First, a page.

Ask any film fan what his favorite Terry Gilliam movie is, and you’re likely to get a series of startlingly dissimilar answers: Brazil, The Fisher King, 12 Monkeys, etc. But you almost never hear the director’s devotees championing The Adventures of Baron Munchausen. Dismissed in a manner similar to his attempted 2005 blockbuster, The Brothers Grimm, many find his work on this elephantine period piece a confluence of excess and extremes that never fully comes together as a cohesive cinematic statement.
Such an assessment would be wrong. Perhaps the most breathlessly unique work the filmmaker has ever attempted, Gilliam’s visualization of the famed Germanic folk hero and his infamous gift of exaggeration remains a masterpiece, a completely flawed and intensely brilliant work of pure motion picture art. What was blasted back in 1988 as overdone and unexciting becomes the fantasy film equivalent of 2001: A Space Odyssey in light of a new, post-millennial reevaluation. While he can argue all he wants to about the inclusion of this film in his Ageism Trilogy (with Time Bandits representing youth and Brazil marking middle age), what Gilliam really accomplished here is the literal redefining of the time-honored boundaries of cinematic technique. Many recognizable spectacles wish they had this film’s scope.
During the presentation of a play by a traveling acting troop, a marauding Turkish army attacks a small Spanish town. From out of the audience, Hieronymus Karl Frederick Baron von Munchausen (John Neville) comes to the rescue, promising to gather up his trusty crew of heroes and save the day. His gang includes fastest man in the world Berthold (Eric Idle), super strong man Albretch (Winston Dennis), Adolphus, the greatest sharpshooter on the planet, and pint-sized Gustavus (Jack Purvis), a man with hurricane-producing lung power to spare. Setting off for the moon, the Baron inadvertently picks up young Sally (Sarah Polley). Committed to help save the city, she joins the notorious liar as he circumvents the globe looking for his former companions.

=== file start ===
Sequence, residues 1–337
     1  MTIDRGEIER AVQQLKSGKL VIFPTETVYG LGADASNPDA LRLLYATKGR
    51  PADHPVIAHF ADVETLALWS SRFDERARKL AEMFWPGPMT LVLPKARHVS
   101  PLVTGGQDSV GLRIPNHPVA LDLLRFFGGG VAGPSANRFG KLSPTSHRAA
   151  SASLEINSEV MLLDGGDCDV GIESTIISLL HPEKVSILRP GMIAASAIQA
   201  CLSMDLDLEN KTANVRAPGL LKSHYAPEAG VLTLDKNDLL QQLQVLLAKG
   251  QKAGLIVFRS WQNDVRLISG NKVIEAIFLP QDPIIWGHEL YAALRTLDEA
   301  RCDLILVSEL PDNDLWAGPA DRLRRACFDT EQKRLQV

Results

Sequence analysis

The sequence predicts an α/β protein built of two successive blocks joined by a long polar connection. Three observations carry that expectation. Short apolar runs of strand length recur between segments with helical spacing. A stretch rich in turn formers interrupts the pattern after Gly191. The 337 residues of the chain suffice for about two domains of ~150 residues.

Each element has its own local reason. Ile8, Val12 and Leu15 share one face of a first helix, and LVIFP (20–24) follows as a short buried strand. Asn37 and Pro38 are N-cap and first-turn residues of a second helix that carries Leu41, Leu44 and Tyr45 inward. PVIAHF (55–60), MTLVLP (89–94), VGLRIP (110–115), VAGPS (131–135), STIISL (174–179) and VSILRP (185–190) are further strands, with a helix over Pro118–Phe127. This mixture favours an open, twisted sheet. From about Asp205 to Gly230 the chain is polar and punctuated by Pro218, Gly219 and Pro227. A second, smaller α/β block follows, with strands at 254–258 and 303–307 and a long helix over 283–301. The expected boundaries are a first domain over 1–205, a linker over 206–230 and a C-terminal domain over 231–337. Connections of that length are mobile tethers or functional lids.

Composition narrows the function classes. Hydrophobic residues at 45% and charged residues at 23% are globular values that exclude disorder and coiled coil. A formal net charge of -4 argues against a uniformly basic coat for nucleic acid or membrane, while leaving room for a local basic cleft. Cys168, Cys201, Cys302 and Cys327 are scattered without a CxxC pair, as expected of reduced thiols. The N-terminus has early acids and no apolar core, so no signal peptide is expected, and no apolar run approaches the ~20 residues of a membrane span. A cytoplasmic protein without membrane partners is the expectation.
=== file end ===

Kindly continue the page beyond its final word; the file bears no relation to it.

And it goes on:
The Adventures of Baron Munchausen, with its sole reliance on physical effects, represents craftsmanship at a level superior to those being forged out of bitrates and motherboards. Carefully crafted works of high concept CGI long to be as inventive and imaginative. As a matter of fact, the vector-mapping individuals who call themselves artists should step aside and allow a true visionary to pass. Just as Kubrick did with his serious space opera, Gilliam gave the motion picture flight of fancy its brash, brazen benchmark.
But there is more to the movie than just gorgeous shots (Venus rising on the half shell, our characters falling into Vulcan’s volcanic lair) and remarkable ideas. Gilliam has always fancied himself a latter day Don Quixote, battling the worn out windmills of a film business based solely around reasonable returns and the bottom line. In the Baron himself, he finds a firm soul mate, the kind of blind-eyed dreamer whose age and appearance is literally affected by his amazing adventures (or lack thereof). Both mirror each other’s motives.
With its pitch perfect cast (including an amazing John Neville as the title character) and a delightful denseness that allows for multiple viewings — and meanings -The Adventures of Baron Munchausen stands as the moment when Terry Gilliam announced his importance as filmmaker to the rest of the world. This blithe and joyful journey into a world of unadulterated resourcefulness never fails to entertain or enthrall. If greatness was determined on talent alone, all of Gilliam’s movies would be extraordinary. But there is something about this film that transcends an easy classification. And that’s a true sign of long term aesthetic excellence.
The new 20th Anniversary DVD includes commentary from Gilliam and co-writer Charles McKeown, an extensive making-of documentary, storyboards, and deleted scenes.